Trout are found all over the world from North America, to Europe and into Asia. They’ve even been introduced into New Zealand and Australia.


However Lake Trout in comparison are quite rare. Lake Trout are native to the the northern United States, most of Canada and the Arctic.


Although they have been introduced to South America and Europe in limited numbers, a bulk of the population is located in Canada and the largest Lake Trout found are in Canada and the Arctic, including Alaska.


To put that into perspective, it’s estimated that 25% of the world population of Lake Trout live in Ontario, Canada. Ontario is the most populous province and is about 11% of the country’s land mass. However, that 25 percent is located in only 1% of the provinces lakes.


Lake Trout are found in deep, cold water lakes, most of which are large and capable of sustaining a large population of bait fish and other species. In these large lakes, the Lake Trout grow large.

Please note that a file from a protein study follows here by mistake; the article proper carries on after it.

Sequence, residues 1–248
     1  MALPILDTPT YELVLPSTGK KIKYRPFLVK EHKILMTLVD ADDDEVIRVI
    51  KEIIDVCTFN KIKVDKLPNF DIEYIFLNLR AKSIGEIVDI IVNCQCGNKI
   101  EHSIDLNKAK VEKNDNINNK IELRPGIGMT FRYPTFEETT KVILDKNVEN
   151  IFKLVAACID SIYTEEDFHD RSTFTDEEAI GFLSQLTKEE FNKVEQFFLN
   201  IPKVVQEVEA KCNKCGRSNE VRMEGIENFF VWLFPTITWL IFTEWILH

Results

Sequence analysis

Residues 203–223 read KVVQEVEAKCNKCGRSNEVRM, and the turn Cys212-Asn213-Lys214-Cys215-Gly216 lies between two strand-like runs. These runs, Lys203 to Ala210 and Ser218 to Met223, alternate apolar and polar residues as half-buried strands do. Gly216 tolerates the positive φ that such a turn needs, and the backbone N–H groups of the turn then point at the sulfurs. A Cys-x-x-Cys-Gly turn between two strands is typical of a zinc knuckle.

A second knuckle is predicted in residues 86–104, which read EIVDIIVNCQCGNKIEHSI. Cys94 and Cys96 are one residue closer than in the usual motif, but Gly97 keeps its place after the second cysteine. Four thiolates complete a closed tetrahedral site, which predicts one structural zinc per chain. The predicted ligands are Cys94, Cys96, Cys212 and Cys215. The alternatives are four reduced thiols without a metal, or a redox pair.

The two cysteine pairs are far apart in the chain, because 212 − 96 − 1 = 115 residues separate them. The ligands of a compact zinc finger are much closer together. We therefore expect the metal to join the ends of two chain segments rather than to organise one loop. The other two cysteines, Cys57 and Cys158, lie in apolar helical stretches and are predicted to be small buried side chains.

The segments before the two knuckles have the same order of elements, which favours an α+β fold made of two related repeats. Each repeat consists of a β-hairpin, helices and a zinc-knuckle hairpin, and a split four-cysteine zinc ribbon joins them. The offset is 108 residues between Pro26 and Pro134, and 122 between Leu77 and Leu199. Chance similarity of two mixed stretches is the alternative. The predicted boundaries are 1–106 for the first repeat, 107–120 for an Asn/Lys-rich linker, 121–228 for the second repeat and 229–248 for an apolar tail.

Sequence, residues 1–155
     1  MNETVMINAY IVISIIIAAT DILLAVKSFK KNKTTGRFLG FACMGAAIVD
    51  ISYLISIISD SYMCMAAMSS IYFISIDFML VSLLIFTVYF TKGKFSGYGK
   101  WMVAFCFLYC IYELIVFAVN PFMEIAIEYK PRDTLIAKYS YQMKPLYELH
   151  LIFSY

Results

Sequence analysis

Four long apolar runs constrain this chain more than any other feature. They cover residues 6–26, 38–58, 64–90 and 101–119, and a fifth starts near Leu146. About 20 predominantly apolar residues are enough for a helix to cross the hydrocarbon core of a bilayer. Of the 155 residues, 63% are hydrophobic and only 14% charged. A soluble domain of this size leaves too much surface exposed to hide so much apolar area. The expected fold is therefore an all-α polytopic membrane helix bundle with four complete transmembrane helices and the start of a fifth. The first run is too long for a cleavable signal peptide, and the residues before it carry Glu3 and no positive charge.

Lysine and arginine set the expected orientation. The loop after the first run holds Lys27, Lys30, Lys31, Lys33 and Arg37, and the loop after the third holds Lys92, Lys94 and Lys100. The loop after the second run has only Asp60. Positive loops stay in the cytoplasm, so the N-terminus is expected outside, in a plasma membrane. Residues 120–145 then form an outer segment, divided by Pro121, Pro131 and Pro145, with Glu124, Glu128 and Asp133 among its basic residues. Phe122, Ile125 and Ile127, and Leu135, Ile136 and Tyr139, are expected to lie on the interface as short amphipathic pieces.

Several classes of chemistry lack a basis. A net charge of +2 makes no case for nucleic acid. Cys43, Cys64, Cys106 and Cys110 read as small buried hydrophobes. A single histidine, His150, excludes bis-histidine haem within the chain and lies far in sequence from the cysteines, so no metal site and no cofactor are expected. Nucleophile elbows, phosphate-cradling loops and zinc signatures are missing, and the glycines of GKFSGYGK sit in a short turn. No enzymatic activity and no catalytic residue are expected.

You’ll also find them in shallow lakes as well as deep rivers as is the case in Nunavut and the Northwest Territories where many of the Tundra lakes are shallow.


Like other Charr, Lake Trout spawn in the fall in the months of September and October. They prefer gravel, pebble or pretty much any rocky bottom. The depth of spawning varies greatly based on their distribution and body of water.


In most lakes, Lake Trout are usually found in 40 feet/12 meters or less. In large deep lakes like the great lakes, they can spawn at 360 feet/120 meters or less. However in northern arctic lakes, they are known to spawn in water no deeper than 1 foot/30 cm.

Commercial Lake Trout Fishing

Lake trout commercial fishing was a viable business until the late 1930’s when Sea Lamprey was introduced into the Great Lakes, which decimated the population.


A combination of the Sea Lamprey and over-fishing reduced the population varieties from 13 down to 3 and left the population a fraction of what is was prior to the introduction of the Sea Lamprey.